Travelling At The Time Of The Corona Virus
By Rowena J Ronson and Nigel Summerley
NS: As thousands of people die around the world as a result of the coronavirus pandemic, a question that seems to be becoming dominant in Western countries is: will we be able to go on holiday this summer? It is something that keys into serious economic issues of course, but is this perhaps a time to re-think the whole ritual/habit of “going on holiday”?
RJR: We are being encouraged to spend money, and get the economy going again. We are dealing with an invisible virus, so what will a holiday look like going “abroad” anyway? What do you think? The biggest issue for me is transparency – on all counts.
NS: One of the lessons of the coronavirus crisis is that planning ahead is a tricky and sometimes near-impossible task. (Today I was due to be on a bus travelling across the Peloponnese to Athens – but I’m stuck in south London.) For most people, their holiday is something they plan well in advance – and it is then something they look forward to for many weeks. Transparency and honesty (from governments and businesses) seem to be absolutely essential if people are to figure out what they realistically can and cannot do now. For those who go on “resort holidays”, ie they go to a holiday complex somewhere sunny and spend all of their time there, the only difference may be that they have to go through health checks, observe social distancing and perhaps wear a mask. For those who “travel”, the prospect of crossing several borders and using multiple forms of public transport could be fraught with difficulties – or it could just all become more of an adventure. I think (as it seems with every issue now) there will be the extremes: those who decide going abroad is just too dangerous and stay at home – and those who just carry on regardless.
RJR: I spent last year planning a big trip to Costa Rica. I tried to not think about the impact of the plane journey on our environment. I have never been on an adventure like it, so told myself that it was a one-off trip and that I was going in order to see wildlife there, both plant and animal. I flew out of London on 12 March. The virus was already spreading across London, and on my journey to the airport, people were crowded into the trains – with no idea of what was to come only a few days later. Those were the days when the whole world became heightened. By the time I arrived in Costa Rica, having nearly missed my flight, global panic was on the brink of erupting – I could feel it. I was, however, the only person on my trip to book my return flight home immediately. During the five days that I waited for my return flight, the entire country shut down, even though there were only a few cases (but they were doubling each day). It was totally the right decision. I write this because I want to share how scary it was – being in a foreign country, being in airports, and flying – with an invisible virus.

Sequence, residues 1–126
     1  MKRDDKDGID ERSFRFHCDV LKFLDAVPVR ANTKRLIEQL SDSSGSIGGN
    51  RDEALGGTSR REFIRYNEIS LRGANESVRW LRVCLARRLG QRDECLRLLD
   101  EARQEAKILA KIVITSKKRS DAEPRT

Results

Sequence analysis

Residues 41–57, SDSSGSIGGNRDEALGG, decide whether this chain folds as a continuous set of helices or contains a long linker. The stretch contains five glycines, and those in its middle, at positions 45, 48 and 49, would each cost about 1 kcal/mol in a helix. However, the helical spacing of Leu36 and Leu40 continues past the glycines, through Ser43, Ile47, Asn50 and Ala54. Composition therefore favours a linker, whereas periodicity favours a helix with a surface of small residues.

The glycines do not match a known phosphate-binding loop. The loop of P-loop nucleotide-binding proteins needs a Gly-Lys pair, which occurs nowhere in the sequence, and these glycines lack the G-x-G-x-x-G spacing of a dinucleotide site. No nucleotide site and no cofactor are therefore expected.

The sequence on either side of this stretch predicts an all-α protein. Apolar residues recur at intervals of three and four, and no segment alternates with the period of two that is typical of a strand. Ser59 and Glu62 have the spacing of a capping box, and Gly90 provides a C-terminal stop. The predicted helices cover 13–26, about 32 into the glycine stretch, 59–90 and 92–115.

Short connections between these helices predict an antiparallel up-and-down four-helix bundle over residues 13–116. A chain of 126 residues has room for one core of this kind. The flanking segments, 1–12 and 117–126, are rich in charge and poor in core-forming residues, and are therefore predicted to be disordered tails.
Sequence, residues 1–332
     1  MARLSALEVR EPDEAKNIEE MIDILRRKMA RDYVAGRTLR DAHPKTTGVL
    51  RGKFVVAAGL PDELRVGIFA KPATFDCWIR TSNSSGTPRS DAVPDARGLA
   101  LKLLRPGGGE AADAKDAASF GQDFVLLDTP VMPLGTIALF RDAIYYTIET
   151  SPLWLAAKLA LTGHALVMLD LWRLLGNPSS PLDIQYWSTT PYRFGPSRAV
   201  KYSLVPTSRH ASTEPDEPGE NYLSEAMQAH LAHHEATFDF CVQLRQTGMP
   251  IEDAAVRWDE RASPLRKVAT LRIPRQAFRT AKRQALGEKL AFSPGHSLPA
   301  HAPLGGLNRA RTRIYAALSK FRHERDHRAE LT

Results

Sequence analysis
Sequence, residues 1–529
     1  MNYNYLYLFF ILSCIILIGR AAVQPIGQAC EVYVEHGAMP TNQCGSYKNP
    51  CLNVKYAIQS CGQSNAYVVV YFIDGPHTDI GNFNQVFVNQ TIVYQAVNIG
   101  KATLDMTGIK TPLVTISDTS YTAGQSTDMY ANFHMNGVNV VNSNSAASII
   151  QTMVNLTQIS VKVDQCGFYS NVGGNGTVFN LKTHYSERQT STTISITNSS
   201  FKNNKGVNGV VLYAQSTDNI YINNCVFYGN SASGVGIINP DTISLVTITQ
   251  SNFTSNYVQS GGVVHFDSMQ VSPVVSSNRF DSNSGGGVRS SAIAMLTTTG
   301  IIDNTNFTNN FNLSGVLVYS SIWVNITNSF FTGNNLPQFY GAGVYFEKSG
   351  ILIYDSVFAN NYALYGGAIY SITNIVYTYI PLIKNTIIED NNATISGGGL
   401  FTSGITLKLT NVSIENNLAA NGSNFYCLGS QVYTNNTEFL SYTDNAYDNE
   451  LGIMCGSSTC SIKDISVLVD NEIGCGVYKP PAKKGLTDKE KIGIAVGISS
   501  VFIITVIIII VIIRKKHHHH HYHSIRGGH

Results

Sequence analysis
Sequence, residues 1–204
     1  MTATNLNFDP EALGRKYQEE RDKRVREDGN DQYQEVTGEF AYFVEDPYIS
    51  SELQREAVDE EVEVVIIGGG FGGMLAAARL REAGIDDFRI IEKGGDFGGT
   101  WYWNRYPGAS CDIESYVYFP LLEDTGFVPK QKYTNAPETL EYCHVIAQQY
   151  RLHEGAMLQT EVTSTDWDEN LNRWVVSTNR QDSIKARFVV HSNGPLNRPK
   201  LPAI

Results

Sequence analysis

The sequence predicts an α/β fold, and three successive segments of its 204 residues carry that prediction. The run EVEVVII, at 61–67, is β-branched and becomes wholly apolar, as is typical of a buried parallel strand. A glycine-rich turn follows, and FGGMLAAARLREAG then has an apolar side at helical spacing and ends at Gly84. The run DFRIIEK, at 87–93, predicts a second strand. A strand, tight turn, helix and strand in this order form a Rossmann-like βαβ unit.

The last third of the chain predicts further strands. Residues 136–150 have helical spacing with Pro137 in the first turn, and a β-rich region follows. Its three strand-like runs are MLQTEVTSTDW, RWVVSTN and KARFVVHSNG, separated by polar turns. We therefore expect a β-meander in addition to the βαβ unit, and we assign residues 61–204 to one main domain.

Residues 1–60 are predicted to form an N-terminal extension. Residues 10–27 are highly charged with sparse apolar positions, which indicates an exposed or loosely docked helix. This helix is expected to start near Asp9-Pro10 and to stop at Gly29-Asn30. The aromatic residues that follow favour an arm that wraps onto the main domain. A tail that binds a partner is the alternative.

NS: This seems a timely warning. The possibility of being trapped somewhere where your health is at risk and where it’s extremely uncertain whether you will be able to get home is likely to be something that will put many people off even trying to travel this year. But a report today suggests that more than half of people under 30 in the UK are already failing to comply with lockdown rules. By July/August, there will be plenty of people willing to fly (literally) in the face of danger. I confess that I am among those who feel a need to travel. But is this one of the things that we need to seriously reassess in the light of the pandemic? Do we actually need holidays abroad? Are they vital to our lives? Or are they just something that we, in the wealthier parts of the world, feel we are entitled to?
RJR: At the moment, it is more of worry that people are travelling in England. Devon and Cornwall have rising rates of contagion now due to people travelling there for “a break”.
NS: Absolutely. It’s beyond me to understand why anyone would think it was OK to travel anywhere at the moment! Again, is it the case that people feel (whatever else is going on) that they are “entitled” to a break or a day trip to the seaside or a barbecue or a party in the park?
RJR: I guess it is one of the hoped big learnings of this time – that we all become more aware of our impact on others… We are all one.
NS: So, it seems the best thing is not to travel – or perhaps even plan to travel – before we can be sure that doing so will not have an adverse impact on the health of ourselves and, most importantly, others.
RJR: Well, it is everyone’s individual choice – but it would be great if we could all feel that our choices impact everyone else – not just ourselves. Is that how you feel?
NS: Yes – and it’s not just a feeling. I would argue that it’s a fact. Everything we do – however small – has an impact on everything else. Everything is connected.
RJR: Maybe it is one of the few “facts” that we can rely on at the moment. What do our readers think?